In 1888, architect Frank Furness went against the classical and Romanesque trends of the day and built this luminous library using a material decidedly more mundane than marble—red brick. Yet he used it to stunning effect, creating dramatic arches and vaulted ceilings.

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COOK LEGAL RESEARCH LIBRARY AT THE UNIVERSITY OF MICHIGAN

Built in 1931, the Cook Legal Research Library looks like something straight out of Harry Potter. Stained glass windows, intricate woodwork, and Medieval-inspired chandeliers decorate the massive Hogwarts-like reading room.

BUTLER LIBRARY AT COLUMBIA UNIVERSITY

New York City comes with its fair share of distractions, but with a library as gorgeous as Butler, it's no wonder Columbia students ace their exams. Designed by James Gambell Rogers, the classical building has plenty of cozy nooks in addition to a great hall lined with mezzanines.

BEINECKE RARE BOOK AND MANUSCRIPT LIBRARY AT YALE

Yalies have architect Gordon Bunshaft of Skidmore, Owings & Merrill to thank for their unique midcentury library. Bunshaft ingeniously constructed the walls using Vermont marble, which filters light and protects the library's rare and delicate tomes.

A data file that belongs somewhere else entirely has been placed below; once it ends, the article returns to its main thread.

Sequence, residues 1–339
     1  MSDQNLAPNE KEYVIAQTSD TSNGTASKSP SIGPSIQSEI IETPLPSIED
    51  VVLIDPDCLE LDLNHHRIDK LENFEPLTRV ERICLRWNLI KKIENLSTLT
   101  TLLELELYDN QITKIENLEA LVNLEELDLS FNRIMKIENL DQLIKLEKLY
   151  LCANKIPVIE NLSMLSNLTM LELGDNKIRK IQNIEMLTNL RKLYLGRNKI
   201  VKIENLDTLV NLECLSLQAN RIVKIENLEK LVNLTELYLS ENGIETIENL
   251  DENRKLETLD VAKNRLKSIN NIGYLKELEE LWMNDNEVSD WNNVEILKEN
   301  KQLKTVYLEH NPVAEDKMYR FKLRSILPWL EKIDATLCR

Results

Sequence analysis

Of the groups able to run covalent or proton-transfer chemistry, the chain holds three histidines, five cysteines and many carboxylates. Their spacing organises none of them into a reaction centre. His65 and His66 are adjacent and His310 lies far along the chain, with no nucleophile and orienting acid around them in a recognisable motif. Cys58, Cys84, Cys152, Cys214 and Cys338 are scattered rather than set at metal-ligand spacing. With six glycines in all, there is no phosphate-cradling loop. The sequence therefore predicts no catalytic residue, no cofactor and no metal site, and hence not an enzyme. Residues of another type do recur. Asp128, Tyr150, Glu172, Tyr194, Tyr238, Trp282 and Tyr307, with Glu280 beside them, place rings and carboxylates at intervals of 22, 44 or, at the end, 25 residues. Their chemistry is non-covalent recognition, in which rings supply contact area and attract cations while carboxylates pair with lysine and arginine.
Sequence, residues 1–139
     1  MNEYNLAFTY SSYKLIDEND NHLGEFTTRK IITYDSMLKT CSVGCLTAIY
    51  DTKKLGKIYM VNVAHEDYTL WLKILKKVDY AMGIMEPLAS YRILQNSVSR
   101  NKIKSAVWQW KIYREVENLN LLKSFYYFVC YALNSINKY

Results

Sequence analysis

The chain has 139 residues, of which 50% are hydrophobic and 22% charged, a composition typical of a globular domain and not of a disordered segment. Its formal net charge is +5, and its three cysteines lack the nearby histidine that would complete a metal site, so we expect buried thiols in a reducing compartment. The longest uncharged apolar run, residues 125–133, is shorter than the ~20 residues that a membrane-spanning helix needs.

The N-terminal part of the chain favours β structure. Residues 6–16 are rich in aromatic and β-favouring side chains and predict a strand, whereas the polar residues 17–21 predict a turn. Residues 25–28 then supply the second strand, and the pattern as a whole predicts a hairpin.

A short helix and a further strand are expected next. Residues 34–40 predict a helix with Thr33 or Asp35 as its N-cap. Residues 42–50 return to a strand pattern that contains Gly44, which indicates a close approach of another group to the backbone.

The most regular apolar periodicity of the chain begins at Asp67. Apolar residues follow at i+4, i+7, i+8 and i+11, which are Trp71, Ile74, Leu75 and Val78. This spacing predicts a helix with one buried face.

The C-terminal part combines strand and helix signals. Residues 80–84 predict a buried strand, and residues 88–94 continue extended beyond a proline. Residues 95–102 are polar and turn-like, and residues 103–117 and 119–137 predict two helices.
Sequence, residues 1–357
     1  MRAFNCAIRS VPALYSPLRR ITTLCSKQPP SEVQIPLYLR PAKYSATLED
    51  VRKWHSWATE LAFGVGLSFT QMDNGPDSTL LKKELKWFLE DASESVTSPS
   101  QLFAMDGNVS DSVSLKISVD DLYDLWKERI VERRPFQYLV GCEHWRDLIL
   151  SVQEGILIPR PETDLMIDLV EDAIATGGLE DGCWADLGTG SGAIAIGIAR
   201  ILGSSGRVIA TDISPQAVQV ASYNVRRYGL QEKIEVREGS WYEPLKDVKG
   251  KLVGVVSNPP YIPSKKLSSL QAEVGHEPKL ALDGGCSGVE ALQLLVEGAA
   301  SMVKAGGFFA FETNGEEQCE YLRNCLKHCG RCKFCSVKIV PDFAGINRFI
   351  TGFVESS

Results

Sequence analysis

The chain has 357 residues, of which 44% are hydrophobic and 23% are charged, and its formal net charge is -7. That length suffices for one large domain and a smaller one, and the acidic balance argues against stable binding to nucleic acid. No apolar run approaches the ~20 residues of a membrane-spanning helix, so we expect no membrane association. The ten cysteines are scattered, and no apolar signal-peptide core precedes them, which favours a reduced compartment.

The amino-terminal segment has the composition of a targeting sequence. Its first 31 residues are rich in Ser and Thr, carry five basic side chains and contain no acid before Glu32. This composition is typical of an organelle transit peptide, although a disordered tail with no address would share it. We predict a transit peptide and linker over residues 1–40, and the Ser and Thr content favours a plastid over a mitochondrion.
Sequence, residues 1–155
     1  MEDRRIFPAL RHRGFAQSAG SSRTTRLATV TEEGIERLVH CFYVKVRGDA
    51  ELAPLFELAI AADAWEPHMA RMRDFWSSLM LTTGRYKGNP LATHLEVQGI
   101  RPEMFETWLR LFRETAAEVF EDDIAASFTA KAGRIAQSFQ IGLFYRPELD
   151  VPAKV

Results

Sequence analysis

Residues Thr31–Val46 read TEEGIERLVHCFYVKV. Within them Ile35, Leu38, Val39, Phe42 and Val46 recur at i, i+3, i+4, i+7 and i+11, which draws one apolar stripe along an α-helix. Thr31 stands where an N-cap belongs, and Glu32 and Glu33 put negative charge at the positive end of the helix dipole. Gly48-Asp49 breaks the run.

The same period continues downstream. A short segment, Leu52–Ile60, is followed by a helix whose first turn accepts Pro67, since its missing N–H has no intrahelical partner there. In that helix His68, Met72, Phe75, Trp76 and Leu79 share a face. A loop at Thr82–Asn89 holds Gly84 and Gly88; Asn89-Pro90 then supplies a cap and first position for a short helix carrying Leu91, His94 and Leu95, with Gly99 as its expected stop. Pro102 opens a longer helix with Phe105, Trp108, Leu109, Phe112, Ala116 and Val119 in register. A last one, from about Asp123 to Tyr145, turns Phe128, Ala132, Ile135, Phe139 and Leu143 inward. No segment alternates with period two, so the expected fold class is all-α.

ANNE BREMER MEMORIAL LIBRARY AT SAN FRANCISCO ART INSTITUTE

The Anne Bremer Memorial Library houses some one-of-a-kind WPA era murals by Victor Arnautoff, a disciple of Diego Rivera who painted one of the frescos in San Francisco's Coit Tower. Students can admire murals by the Mexican master in the nearby Diego Rivera Gallery.

MCLURE EDUCATION LIBRARY AT THE UNIVERSITY OF ALABAMA


One of Alabama's most historic buildings, the McLure Education Library was named in 1975 in honor of John Rankin McLure, the Dean of the College of Education, according to the university. The building was once used as a post office and cafeteria, and later transformed into a dorm for male students after World War II. It was remodeled in 1954 into the stunning library it is today.

THE JOE AND RIKA MANSUETO LIBRARY AT THE UNIVERSITY OF CHICAGO